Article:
I want to come clean here … I wrote this sterile, fact-based blog on brand guidelines that not even Kent Earle or Erin’s dad would read. (Hi Kent! Hi Steve!) Admittedly, just awful. It made ChatGPT look like Hemingway.
In reading it I realized that I was violating one of the primary points I was trying to make. Brand guidelines dictate all facets of how the brand is represented. A super smart person (or the internet) might tell you that brand guidelines “govern the composition, design, and general look” of a company’s branding. As a less-than-super-smart person, I would tell you that brand guidelines should also include style guidelines that dictate the tone of voice in which your brand communicates.
Hence the rewrite.
All companies need well-structured, easy-to-follow, and readily applicable brand guidelines. (I’m not even sure what I mean by readily applicable … but please, bear with me). I do know that brands that try to operate without brand guidelines suffer from the same inconsistency as we see from flat earthers.
Remember, consumers tend to be driven by the subconscious. Their decision to try and or stay loyal to what your brand offers can be manipulated in less than obvious ways. Don’t believe me? After you’ve finished this blog and emailed Stephanie that she’s the luckiest woman in the world you can read this article here which reinforces my point.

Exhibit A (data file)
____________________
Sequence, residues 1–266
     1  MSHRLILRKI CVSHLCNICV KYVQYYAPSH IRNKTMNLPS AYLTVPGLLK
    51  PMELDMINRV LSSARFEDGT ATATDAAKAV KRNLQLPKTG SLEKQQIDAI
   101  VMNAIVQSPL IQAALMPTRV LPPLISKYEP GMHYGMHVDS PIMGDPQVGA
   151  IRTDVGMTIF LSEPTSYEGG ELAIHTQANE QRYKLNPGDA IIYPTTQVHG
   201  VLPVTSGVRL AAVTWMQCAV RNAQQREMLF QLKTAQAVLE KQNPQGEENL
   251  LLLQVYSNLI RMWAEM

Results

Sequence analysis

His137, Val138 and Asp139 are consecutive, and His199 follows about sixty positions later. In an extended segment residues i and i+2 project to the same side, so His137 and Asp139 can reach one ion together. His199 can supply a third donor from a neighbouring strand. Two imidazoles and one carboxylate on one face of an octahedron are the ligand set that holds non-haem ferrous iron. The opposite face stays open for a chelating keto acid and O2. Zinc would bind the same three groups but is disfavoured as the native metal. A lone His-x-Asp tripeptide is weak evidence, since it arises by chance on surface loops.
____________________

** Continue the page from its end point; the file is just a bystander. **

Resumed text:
Both of those things are on the internet, so you know it’s true.
If your brand is represented inconsistently and the tone in which you speak to them varies, consumers will have a hard time identifying with your brand and forming a favorable impression of your company.
WHAT EXACTLY GOES INTO A BRAND GUIDELINE DOCUMENT?
For this, I consulted Jordon and Erin, Steve’s daughter (Hi again Steve!). Both are super smart, just like the internet. They say that an effective brand guideline contains the following:
- Visual Elements (which I think is their fancy way of saying logos, taglines and additional iconography)
- Typefaces & Typography (the fonts you use marketing materials and how you use them)
- Colors (both primary and secondary)
- Dos and Don’ts (proper placement of logos and treatments to maintain visual integrity)
- The brand’s mission statement, tone of voice, and core values
Let’s talk about number 4 here because it’s relevant. Whereas my first version of this blog was factual, optimized, and boring AF … it wasn’t written in our tone of voice which we identify as “a mildly intoxicated smart person on vacation.” If you read our blogs and if you’ve spent any time on our website I’d hope you’d concur.
By the way, I’m sober as a church mouse and I’m on whatever the opposite of vacation is but I still have to communicate accordingly. Why? Because Erin and Jordon said so.
DOES MY BUSINESS NEED BRAND GUIDELINES?
The answer to this is more simple than you might think. If you have a business and that business sells a product, sells a service, pays taxes, or has employees that breathe oxygen, then YES you need to have brand guidelines. Operating a business without them is like jumping out of an airplane without a parachute. You’ll be OK for a while but ultimately, it will end poorly.
As a full-service digital ad agency in Phoenix, ReThinc Advertising has created brand guidelines for a diverse group of clients that represent a wide array of industries. In some cases we’re inventing a brand for a startup and other times we’re either formalizing or reinventing a brand for an existing business. Some of these clients are B2C (business to consumer) and others are B2B (business to business). Most pay taxes and all of them have employees who breathe oxygen.
Either way, brand guidelines are our jam.